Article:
Lee Anderson refuses to rule out joining Reform UK after Sadiq Khan Islamist claims

Lee Anderson has refused to rule out joining Reform UK after he was suspended by the Tories for suggesting Sadiq Khan is controlled by Islamists.

The former Tory deputy chairman also criticised the party for not showing him a “bit more backing”. PM Rishi Sunak called the Ashfield MP’s comments wrong but avoided saying if he thought they were Islamophobic.

Sir Keir Starmer, Labour’s leader, said Mr Sunak lacked the “backbone” to call out Islamophobia. Mr Anderson says his attacks on Mr Khan were borne out of frustration at the London mayor’s record.

During a GB News discussion on Friday afternoon, Mr Anderson said: “I don’t actually believe that the Islamists have got control of our country, but what I do believe is they’ve got control of Khan and they’ve got control of London, and they’ve got control of Starmer as well.”

He later added: “People are just turning up in their thousands, and doing anything they want, and they are laughing at our police. This stems with Khan, he’s actually given our capital city away to his mates.”

Mr Anderson had been responding to a Daily Telegraph article by ex-Home Secretary Suella Braverman, in which she said: “The truth is that the Islamists, the extremists and the antisemites are in charge now.”

Ms Braverman said Islamists “bullied the Labour Party” over its position on the war in Gaza and that some people on pro-Palestinian marches had links to Islamists. In a later statement released via GB News – who employ the MP as a broadcaster – Mr Anderson said: “When you think you are right you should never apologise because to do so would be a sign of weakness.

“My words may have been clumsy but my words were borne out of sheer frustration at what is happening to our beautiful capital city.

Mr Anderson told the channel on Monday that the Conservative Party “could have given me a little bit more backing”, after he showed “a little bit of contrition”.

He argued pro-Palestinian protests outside Parliament and threats to MPs showed Mr Khan had “lost control of the city”.

He insisted his comments “weren’t racist at all” and said he would not apologise to Mr Khan “while I have a breath in my body”. Pressed over whether he would join the right-wing Reform UK party, the former Labour councillor declined to comment but said he had “been on a political journey”.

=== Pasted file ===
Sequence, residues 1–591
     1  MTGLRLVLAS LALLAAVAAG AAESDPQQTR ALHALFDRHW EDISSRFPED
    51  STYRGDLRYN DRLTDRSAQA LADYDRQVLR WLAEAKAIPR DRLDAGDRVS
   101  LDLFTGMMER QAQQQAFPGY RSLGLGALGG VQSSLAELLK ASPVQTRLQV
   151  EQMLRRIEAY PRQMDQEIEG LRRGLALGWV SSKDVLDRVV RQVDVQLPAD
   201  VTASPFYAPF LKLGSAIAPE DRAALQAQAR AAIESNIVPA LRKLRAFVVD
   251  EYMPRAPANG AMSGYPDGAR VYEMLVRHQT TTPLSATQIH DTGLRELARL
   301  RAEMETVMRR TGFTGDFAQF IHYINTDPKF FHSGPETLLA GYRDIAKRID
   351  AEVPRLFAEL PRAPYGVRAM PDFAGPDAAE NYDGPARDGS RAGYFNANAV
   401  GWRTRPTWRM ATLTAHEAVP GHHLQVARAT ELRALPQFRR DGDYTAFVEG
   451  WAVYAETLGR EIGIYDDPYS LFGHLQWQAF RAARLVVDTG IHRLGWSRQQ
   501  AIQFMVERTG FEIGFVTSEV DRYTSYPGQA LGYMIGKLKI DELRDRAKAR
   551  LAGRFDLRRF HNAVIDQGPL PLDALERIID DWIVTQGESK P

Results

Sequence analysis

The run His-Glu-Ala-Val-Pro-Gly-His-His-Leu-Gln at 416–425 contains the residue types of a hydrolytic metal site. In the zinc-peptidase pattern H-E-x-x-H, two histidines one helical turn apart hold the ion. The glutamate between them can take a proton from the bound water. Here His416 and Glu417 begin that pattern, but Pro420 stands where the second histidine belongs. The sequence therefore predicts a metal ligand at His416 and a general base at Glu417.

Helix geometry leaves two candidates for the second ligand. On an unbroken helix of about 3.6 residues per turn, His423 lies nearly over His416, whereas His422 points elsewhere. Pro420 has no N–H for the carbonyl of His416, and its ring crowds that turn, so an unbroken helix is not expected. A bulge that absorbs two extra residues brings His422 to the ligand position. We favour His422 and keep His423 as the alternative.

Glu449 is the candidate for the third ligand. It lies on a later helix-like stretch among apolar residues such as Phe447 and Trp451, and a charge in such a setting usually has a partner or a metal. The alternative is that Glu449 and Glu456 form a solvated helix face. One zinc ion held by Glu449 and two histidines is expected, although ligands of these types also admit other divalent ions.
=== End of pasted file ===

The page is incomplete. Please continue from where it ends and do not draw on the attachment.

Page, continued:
He said: “You’ll say Lee Anderson rules out/doesn’t rule out joining the Reform party, so I’m making no comment on my future.”

When asked if he would be a Tory candidate at the next election, Mr Anderson said “that’s not up to me”, but added that he would still be standing.

Reform UK leader Richard Tice, also a GB News presenter, appeared to leave the door open to Mr Anderson on Monday, saying he “may have been clumsy in his precise choice of words, but his sentiments are supported by millions of British citizens, including myself”.

“I do not and will not give a running commentary on any discussions I have with any MPs, but those MPs have my number.”

Speaking to reporters on Monday, Mr Sunak said Mr Anderson’s choice of words “wasn’t acceptable, it was wrong, that’s why the whip was suspended”.

He said it was “incumbent” on parliamentarians not to inflame debate “in a way that is harmful to others”.

The prime minister also denied there were Islamophobic tendencies in his party. But Labour leader Sir Keir told reporters: “This is really basic. Islamophobia is something which should be called out by every political leader, and the prime minister isn’t calling it out because he’s too weak.” In an Evening Standard article Mr Khan said Mr Anderson had “poured petrol on the fires of hatred”.

“It shouldn’t be hard to call out comments that are so unambiguously ignorant, prejudiced and racist. Yet those at the top of the Conservative government are stubbornly refusing to do so

Source: BBC

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Unknown man threatens to kill President Mnangagwa

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